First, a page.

Word of the Day Mesha'amem: The Word That Didn't Mean Boring but Does Now

Arabic has been a rich source for reviving the Hebrew language. It helps to get its words right.

Elon Gilad
Elon Gilad
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Newly-minted Finance Minister Yair Lapid experiencing a Knesset session. Is he bored?
Newly-minted Finance Minister Yair Lapid experiencing a Knesset session. Is he bored?Credit: Michal Fattal
Elon Gilad
Elon Gilad

Last Thursday, we discussed the word me’anyen (interesting), and how Eliezer Ben-Yehuda invented it to describe a particularly egregious French-Jewish bribery-broker on February 3, 1893. Possibly emboldened by his new word, Ben-Yehuda felt it high time to decide on a word to mean its opposite, "boring."

How did he accomplish this? Based on an Arabic word, Ben-Yehuda reinterpreted a nearly 2,000-year-old word he had found in the Mishnah - mesha'amem – to fill the lexical gap.

“For years we had struggled to exactly translate into Hebrew the term that the French designate ennui and the German call Langeweile, which means ‘the soul's fatigue at sitting idly,'” Ben Yehuda explained in a column appearing in the same issue of Ha’or, in which me’anyen first appeared.

He then proceeded to explain how he decided that the Hebrew word for "boring" should be mesha’amem.

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When looking for words that he could not find in Hebrew, Ben-Yehuda would tap Arabic, which like Hebrew is a Semitic language and thus is closely related to Hebrew. Since Arabic was continuously used over the millennia, it preserved words that Hebrew had lost because they weren’t preserved in the written record.

In the column, Ben-Yehuda notes that Arabic has three roots that signify boredom: m-l-l, tz-g-r and sh-a-m (though actually he was mistaken - one of these actually doesn’t mean boredom at all).

He went on to explain that Hebrew cannot adopt the first – m-l-l, because in Hebrew, this root means "word." Then he (mistakenly) equates the root tz-g-r, with tz-a-r, which Hebrew uses for sorrow. This according to Ben-Yehuda leaves only sh-a-m.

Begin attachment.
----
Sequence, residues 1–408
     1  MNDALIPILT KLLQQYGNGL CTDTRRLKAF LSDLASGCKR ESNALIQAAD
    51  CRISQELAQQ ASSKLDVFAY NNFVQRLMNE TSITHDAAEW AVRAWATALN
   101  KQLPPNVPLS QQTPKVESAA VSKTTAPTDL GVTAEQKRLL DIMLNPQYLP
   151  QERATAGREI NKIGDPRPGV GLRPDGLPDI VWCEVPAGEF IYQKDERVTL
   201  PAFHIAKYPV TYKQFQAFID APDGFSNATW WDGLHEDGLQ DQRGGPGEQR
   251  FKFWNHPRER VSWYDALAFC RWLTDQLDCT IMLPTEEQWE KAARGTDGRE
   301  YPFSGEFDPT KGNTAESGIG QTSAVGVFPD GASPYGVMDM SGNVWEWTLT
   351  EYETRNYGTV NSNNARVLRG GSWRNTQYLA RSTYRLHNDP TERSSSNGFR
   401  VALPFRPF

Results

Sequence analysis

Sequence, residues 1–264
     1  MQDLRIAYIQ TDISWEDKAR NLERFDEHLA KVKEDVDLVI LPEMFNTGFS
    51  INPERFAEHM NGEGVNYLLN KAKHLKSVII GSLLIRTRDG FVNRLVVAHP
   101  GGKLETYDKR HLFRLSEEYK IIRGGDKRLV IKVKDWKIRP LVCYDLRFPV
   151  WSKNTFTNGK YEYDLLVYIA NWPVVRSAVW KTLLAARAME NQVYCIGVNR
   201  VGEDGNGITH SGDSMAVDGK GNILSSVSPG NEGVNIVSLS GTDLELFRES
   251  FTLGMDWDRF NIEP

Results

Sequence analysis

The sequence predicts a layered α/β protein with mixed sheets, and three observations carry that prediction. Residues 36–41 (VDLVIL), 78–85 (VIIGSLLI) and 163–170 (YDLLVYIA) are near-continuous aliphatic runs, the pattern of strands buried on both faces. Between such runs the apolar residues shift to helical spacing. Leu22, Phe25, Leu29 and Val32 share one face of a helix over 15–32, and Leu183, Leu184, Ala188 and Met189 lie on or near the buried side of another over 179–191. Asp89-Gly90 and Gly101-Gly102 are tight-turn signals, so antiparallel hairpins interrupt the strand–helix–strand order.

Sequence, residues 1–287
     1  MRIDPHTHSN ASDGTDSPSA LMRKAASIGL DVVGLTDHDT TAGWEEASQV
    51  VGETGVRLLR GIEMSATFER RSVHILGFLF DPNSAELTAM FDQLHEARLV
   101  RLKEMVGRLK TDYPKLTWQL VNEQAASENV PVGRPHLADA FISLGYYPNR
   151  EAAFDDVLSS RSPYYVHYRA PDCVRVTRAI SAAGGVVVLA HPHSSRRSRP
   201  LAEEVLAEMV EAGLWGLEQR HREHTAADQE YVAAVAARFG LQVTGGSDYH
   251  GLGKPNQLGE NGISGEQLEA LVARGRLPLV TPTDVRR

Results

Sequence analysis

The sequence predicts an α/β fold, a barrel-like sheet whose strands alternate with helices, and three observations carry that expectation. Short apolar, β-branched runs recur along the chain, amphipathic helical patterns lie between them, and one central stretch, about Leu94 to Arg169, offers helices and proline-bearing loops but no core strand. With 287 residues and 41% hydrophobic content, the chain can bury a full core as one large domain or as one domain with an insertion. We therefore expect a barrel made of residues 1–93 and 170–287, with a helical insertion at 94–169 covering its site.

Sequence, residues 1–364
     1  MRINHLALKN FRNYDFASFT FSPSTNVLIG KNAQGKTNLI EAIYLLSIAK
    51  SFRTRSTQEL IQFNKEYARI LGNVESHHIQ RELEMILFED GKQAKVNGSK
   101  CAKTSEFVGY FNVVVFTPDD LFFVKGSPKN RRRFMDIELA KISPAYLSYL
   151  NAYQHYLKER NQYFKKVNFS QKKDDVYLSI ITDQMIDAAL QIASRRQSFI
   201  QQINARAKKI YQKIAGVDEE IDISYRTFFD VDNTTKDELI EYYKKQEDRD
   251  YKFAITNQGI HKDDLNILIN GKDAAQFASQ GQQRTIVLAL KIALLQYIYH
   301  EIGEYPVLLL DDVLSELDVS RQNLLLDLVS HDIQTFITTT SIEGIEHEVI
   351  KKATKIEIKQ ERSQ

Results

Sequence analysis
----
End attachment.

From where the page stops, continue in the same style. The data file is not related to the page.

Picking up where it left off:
“We think we found this word in Hebrew too,” Ben-Yehuda wrote, referring to a passage in the Mishnah that states “idleness leads to she’amum.”

But Ben-Yehuda makes two errors here when identifying the ancient Hebrew word she’amum with the Arabic root sh-a-m. For one, the middle letter of the root (the "a") is different. In Arabic it's the letter alef while in Hebrew, it's ayin.

Confusing alef and ayin is a big mistake – sort of like confusing the letter r with g.

Secondly, the root of she’amum isn’t sh-a-m. It's a-m-m (the shin isn’t a part of the root. Let's not get into it – it isn't). Both Arabic and Hebrew share the root a-m-m, meaning “to darken” or "to dim." In Arabic, it also bears the metaphoric sense of being depressed.

It is likely that it was this meaning – depression – that the Mishnah warned might befall housewives kept in idleness, not boredom, as Ben-Yehuda suggested or insanity as the rabbis over the ages assumed.

Although Ben-Yehuda’s suggestion to use the word mesha’amem was based on error, a fact that was pointed out by others at the time, the word caught on. A few years later, verbs were formed based on this adjective - lesha’amem (to bore) and lehishta’amem (to be bored) and these are used to this very day.

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